I recommend to learn my guest write-up on Google Analytics filters on Online-Behavior. comif you want to learn more about this specific topic.
It clarifies everything you ever need to find out on this topic.
Our in-depth guide on regular expressions will come in handy as well. Regular expressions are very important in the Google Analytics account set up process.
Learn regular expressions first; this will be a huge help in constructing powerful filters.
Test your filters in a separate view first; there is no way back.
Always keep an unfiltered raw data view.
Use filters for long-term segmentation purposes.
Use segmentsfor ad-hoc analysis.
4. Change History
The Change History review provides a record of activities over the last 180 days.
Please notice and example below:
Date: date and time of the activity.
Changed by: email address of Google Analytics user who else performed the activity.
Alter: all details about the game.
You can filter (A to Z or Z to A) on each column of data. And there is a search container to seach on a particular term.
The “Change History” feature brings context to another level. It helps you to understand settings adjustments - which often affect the data - even when they were not noted elsewhere.
Check this tab at least once every month.
Copy and export the data to another environment (Excel) at least every 180 days - to prevent losing this data.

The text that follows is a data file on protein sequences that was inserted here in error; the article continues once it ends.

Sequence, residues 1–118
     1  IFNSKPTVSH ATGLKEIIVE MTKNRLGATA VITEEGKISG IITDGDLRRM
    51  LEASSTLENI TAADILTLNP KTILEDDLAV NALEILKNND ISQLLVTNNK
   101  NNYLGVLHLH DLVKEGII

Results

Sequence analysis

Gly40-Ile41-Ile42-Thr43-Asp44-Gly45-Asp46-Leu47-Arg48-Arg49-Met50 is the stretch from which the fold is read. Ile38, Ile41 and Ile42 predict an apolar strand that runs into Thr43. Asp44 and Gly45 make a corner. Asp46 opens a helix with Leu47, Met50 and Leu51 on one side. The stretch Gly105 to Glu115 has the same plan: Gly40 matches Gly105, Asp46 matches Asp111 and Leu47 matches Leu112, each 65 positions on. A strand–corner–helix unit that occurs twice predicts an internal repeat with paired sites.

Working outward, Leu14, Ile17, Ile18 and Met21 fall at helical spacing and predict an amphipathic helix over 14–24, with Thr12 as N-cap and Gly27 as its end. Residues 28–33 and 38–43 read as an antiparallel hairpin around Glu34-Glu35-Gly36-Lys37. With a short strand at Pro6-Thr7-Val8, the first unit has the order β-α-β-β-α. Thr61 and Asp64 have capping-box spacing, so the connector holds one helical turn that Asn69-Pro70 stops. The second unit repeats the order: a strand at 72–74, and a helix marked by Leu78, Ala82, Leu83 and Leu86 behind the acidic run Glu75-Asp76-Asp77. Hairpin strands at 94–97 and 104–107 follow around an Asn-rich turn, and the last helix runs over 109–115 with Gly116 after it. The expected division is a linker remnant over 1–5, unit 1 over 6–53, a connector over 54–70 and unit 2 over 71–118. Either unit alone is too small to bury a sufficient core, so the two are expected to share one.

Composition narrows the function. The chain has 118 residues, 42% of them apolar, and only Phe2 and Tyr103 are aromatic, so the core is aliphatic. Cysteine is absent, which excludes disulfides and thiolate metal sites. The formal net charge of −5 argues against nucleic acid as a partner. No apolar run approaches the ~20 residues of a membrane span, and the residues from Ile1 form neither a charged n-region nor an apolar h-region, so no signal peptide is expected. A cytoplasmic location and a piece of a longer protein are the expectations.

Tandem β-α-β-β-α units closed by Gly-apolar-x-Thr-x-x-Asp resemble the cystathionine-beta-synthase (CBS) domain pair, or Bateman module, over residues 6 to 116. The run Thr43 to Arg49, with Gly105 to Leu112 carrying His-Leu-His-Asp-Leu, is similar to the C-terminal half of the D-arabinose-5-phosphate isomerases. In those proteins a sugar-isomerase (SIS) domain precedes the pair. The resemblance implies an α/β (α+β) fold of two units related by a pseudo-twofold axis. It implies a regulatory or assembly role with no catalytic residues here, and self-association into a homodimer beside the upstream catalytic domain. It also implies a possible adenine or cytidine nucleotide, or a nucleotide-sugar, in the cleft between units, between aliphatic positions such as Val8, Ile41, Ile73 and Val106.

5. Trash Can
The trash can was introduced at the outset of 2015 and can save you from a lot of pain.
If you accidentally get rid of a Google Analytics account, property or look at, you can restore it within 35 days. This is especially helpful if relatively a lot of people have edit privileges and the chances of something going wrong along with your data grows.
You need edit permission to access the trash can.
The user who designated an entity regarding deletion is proven next to the enterprise.
When you restore an account, property or view from the Trash Can, all settings and configurations are preserved.
Data is not really processed while an entity is in the trash can.
After 35 days the entity is lost and cannot be restored
Well, I hope you don’t have to use it, but it might come in handy at a certain point in time.
Google Analytics Property Set Up
6. Property Settings
Like I already explained, a Google Analytics home is connected to a Google Analytics account.
In the property settings you can find quite a few things to set up.
The basic things include:
You can look up the tracking ID.
You can edit the property name.
You can set the default URL and View.
You can select the best fitting market for your business.
You can delete the property.
Then, if you hit the advanced settings link you see:
Select this choice to allow your manual URL tagging to override AdWords auto-tagging.
Please make sure you know what you are doing if you select this option!
Simply refrain from selecting this option if you are unsure about the technical impact.
You might be interested in reading my marketing campaign tracking guide as well.
This features allows you to improve the website experience of your visitors within a much deeper way. Rather than the least, to make a bit more money.: -)
By setting up this feature you enable Demographics and Curiosity reporting, Remarketing, GDN Impression Reporting, and the DoubleClick Campaign Manager integration.